Amputation is one of the oldest known surgical procedures. It has been practiced by the Egyptian since the Babylonian times. It has been one of the modalities of applying judgment and treatment. Its method and indications have evolved over time. Modern amputation is regarded as a part of treatment rather than a failure of treatment. Amputation is the removal of a limb or part of a limb through one or more bone. When through a joint is referred to as disarticulation, it is term major if the amputation is carried out above the wrist or the ankle.[1],[2] Globally, the indications for amputations varies with trauma and diabetes limb disease being the leading cause in developing countries and peripheral vascular disease, diabetic limb disease constituting the leading indications in the developed nations.[2] In the USA, an estimated 180,000 limb amputations are carried out every year.[3] In developing countries such as Nigeria and Rwanda, it has been reported that the prevalence of amputation is 1.6–3.2/100,000 population.[4],[5]

Liberia which is a typical developing country has a population of 4,943,490.[6] There is no document data on the extent of limb amputation in the country. Amputation has a life-changing effect on the patient because of the permanent disability if cause. It affects patients psyche and morals. The patient dignity and livelihood may be eroded. Thus, there is a major cultural and often social rejection associated with amputation.[7],[8]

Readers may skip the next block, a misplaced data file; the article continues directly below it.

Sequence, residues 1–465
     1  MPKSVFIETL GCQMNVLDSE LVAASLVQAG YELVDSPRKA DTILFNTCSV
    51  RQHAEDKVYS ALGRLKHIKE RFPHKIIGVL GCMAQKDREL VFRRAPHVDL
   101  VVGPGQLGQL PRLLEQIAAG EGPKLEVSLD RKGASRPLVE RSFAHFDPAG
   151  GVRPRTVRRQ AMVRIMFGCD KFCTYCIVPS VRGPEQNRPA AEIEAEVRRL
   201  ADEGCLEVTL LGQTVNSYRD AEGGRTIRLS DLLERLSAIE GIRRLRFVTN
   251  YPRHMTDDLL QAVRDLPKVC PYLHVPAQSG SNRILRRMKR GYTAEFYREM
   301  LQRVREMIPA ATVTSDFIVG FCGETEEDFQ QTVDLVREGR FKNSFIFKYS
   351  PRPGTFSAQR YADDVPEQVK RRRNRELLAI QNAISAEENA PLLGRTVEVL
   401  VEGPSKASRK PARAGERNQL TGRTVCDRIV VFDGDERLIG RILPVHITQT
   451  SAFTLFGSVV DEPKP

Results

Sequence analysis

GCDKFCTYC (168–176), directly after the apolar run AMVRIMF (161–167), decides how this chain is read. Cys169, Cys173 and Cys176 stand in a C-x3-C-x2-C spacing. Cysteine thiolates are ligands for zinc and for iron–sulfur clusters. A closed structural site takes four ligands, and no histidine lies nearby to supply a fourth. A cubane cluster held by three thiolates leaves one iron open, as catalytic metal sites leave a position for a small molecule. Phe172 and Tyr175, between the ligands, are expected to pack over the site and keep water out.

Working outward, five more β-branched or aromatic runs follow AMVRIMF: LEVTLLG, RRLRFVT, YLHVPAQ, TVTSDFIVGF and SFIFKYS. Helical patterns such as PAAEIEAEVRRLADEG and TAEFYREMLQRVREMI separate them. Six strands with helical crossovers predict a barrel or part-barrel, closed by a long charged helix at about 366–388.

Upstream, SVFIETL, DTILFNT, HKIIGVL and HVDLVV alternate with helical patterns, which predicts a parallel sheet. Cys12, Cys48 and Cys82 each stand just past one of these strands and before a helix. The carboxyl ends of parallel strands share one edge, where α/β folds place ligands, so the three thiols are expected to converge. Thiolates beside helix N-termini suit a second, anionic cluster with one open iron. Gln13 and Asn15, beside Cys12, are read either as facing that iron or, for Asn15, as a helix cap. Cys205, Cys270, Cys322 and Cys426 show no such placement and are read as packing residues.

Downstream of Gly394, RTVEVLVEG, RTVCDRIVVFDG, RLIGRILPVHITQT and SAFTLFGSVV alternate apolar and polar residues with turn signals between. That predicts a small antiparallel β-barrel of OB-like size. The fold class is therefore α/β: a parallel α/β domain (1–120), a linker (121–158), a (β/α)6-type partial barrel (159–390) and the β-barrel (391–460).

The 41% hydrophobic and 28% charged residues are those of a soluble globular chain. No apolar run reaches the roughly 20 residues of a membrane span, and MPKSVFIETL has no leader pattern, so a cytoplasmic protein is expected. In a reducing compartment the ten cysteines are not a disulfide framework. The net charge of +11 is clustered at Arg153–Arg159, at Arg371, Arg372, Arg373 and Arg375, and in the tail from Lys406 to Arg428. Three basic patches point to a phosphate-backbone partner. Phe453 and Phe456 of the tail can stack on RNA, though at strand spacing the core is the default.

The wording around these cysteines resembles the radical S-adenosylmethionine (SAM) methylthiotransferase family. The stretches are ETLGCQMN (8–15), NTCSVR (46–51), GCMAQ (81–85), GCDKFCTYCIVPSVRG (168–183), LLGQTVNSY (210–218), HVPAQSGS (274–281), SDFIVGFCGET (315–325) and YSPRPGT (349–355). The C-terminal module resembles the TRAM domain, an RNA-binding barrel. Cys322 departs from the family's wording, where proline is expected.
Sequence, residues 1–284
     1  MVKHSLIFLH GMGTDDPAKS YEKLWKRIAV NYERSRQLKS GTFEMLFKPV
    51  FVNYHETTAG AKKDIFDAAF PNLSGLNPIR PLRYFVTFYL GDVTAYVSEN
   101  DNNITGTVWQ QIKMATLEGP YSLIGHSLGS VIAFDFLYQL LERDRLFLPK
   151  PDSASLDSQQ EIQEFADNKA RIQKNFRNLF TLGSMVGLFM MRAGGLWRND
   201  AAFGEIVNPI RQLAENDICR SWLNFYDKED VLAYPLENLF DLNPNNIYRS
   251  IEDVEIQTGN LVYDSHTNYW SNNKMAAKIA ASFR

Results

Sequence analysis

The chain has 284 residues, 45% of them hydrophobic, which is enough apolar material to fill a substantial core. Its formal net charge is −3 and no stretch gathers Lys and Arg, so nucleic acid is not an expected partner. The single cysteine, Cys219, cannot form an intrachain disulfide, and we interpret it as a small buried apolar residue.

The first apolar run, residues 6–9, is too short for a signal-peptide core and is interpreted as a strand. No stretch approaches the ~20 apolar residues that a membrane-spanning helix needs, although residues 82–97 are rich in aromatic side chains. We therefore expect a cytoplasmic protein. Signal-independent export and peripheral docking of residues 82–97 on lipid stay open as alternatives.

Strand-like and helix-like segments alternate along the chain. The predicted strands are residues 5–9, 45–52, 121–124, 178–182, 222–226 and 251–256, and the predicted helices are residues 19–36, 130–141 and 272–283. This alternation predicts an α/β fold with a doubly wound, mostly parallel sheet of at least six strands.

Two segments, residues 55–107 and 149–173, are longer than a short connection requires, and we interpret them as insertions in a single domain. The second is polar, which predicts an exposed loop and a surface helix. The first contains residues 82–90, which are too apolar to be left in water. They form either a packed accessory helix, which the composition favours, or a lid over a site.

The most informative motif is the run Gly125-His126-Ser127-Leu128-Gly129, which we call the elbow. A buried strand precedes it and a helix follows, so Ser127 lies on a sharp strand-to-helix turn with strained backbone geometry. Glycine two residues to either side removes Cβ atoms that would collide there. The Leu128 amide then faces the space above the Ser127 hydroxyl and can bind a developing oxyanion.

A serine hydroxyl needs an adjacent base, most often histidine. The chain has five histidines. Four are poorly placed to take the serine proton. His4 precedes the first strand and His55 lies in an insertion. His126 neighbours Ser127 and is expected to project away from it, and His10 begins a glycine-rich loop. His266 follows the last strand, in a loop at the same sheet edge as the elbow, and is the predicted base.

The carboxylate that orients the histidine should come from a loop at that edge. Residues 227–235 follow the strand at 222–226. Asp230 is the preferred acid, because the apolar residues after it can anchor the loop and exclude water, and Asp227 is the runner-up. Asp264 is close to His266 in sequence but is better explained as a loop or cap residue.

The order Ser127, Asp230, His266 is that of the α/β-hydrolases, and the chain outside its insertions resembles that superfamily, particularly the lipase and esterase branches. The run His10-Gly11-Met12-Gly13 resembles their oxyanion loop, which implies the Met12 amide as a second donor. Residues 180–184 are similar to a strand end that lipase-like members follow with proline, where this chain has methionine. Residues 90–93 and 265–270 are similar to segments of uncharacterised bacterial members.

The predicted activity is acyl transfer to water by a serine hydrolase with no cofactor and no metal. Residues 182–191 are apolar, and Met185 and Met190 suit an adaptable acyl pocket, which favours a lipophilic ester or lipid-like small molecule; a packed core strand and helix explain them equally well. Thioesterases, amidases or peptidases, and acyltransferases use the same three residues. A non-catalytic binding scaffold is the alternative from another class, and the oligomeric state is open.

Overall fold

Data on the profile and pattern of amputation in Liberia will add to the body of knowledge. However, most importantly, it will serve to highlight the burden of the problem and also serve as a possible yardstick for the government and the community to increase educational programs and policies that will ensure early intervention in disease processes and prevention of complications that will result in amputations.

 Patients and Methods



A retrospective study of all patients that underwent limb amputation surgeries in the John F Kennedy Memorial (JFK M) Hospital, Monrovia, Liberia, between January 2010 and December 2015. The JFK M, Hospital, Monrovia, is the largest tertiary hospital in Liberia. The most patient requiring orthopedic intervention like amputations is referred to the facility. Records were obtained from the operating theater register; and in certain cases, further information was obtain from the patient's case record. Information regarding demography, indication for amputation, type of amputation, complications, and length of hospital stay. Data obtained were analyzed using SPSS Version (IBM SPSS Statistics for Windows, Version 24.0, IBM Corp., Armonk, NY).

The result was presented in descriptive statistics.

 Results



100 patients had limb amputations between 2010 and 2015 [Table 1] and [Figure 1]. Males (73) to female (27) ratio were 2.4:1.) [Table 2].and [Figure 2]. The age range was 9 - 91 years. Mean age was 42.9 years [Figure 3]. The indications for amputations were Trauma 24%, Diabetes 29%, Gangrene (6%), and chronic ulcer (25%), Tumour (5%) [Table 3]. Below knee(47%), Above Knee(45%), Below elbow(2%), Above Elbow(2%), Knee Disarticulation(2%), and Big Toe Disarticulation(2%) [Table 4].{Table 1}{Figure 1}{Table 2}{Figure 2}{Figure 3}{Table 3}{Table 4}